Intel talks Sandy Bridge processor at IDF

Darren Allan

September 14, 2010

The Intel Developer Forum (IDF) has seen the chip giant reveal more information about its upcoming Sandy Bridge processors, which will be out in desktops and laptops early next year.

These next-generation chips are built on a 32nm process, and the big change is that the processor will come with a built-in graphics engine alongside, and a ring architecture which allows both to share resources such as cache memory. Previously, integrated graphics have come bolted onto the motherboard.

The Sandy Bridge chips will also come with Intel Advanced Vector Extensions to deliver improved performance, and a new 256-bit instruction set to accelerate floating point intensive applications such as digital photo editing.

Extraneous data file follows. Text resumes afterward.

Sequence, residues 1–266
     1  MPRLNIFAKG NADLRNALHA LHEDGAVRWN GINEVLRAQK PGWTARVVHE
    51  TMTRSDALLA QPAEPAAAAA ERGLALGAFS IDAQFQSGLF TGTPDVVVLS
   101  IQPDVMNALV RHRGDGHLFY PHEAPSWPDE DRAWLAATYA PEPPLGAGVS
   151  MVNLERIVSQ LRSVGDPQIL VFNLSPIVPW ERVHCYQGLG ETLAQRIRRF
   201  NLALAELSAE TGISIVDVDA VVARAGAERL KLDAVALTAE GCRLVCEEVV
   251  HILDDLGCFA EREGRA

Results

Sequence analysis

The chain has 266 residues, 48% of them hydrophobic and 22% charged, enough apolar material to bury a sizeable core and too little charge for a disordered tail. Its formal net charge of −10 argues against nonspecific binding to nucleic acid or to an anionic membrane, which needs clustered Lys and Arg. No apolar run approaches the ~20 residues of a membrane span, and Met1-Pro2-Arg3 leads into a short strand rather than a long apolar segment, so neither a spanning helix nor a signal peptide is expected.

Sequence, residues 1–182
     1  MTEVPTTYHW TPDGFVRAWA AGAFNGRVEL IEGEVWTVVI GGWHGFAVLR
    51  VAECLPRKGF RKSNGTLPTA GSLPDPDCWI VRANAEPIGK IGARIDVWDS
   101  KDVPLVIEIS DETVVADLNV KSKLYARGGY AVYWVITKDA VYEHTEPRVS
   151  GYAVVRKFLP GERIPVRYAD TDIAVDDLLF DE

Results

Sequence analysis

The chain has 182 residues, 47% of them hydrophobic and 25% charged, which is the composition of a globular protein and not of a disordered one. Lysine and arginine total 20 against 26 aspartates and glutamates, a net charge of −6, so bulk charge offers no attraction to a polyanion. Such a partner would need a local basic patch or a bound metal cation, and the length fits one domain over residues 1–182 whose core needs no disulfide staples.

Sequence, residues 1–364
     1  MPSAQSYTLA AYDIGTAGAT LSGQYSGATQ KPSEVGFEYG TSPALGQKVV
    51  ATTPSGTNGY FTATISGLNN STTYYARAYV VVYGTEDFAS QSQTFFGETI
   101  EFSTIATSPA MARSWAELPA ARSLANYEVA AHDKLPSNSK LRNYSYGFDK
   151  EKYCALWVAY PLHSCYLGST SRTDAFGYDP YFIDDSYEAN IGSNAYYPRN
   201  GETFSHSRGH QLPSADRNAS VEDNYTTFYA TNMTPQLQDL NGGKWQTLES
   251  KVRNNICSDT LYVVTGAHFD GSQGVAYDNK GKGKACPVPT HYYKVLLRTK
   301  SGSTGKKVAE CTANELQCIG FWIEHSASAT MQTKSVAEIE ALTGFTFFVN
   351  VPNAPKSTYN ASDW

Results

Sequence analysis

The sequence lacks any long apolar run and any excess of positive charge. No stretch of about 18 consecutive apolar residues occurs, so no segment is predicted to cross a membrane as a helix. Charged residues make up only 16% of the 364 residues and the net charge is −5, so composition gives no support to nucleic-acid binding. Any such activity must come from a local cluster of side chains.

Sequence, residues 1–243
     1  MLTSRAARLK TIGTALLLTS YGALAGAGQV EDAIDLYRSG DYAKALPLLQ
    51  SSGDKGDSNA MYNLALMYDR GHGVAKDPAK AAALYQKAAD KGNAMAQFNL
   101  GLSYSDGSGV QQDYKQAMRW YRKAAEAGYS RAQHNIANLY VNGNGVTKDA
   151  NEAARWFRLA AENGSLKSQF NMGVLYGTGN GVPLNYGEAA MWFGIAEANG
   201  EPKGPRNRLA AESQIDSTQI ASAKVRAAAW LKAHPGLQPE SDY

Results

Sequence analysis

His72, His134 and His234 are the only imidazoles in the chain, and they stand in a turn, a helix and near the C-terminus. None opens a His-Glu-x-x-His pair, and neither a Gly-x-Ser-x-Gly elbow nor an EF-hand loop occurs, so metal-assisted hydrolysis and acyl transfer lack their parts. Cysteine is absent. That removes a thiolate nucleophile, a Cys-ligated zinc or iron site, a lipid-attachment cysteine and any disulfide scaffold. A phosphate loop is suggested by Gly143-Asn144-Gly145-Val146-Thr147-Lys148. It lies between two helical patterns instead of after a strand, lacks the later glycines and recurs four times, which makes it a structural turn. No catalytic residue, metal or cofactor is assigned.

An enhanced version of Intel’s Turbo Boost technology will come with the processors as well, the intelligent system which shuts off unneeded cores to boost up the clock speed of the cores which are in use.

Further benefits will be seen in power consumption, too, but don’t expect Sandy Bridge to suddenly render discrete graphics card solutions obsolete. Gaming fanatics will still want the sort of performance which only high horsepower cards can offer them.

Dadi Perlmutter, Executive VP and General Manager of the Intel Architecture Group commented: “Our upcoming 2nd Generation Intel Core processor family represents the biggest advance in computing performance and capabilities over any previous generation. In addition to offering these features inside Intel-based laptops, we plan to scale these advances across our server data center and embedded computing product portfolio.”






 

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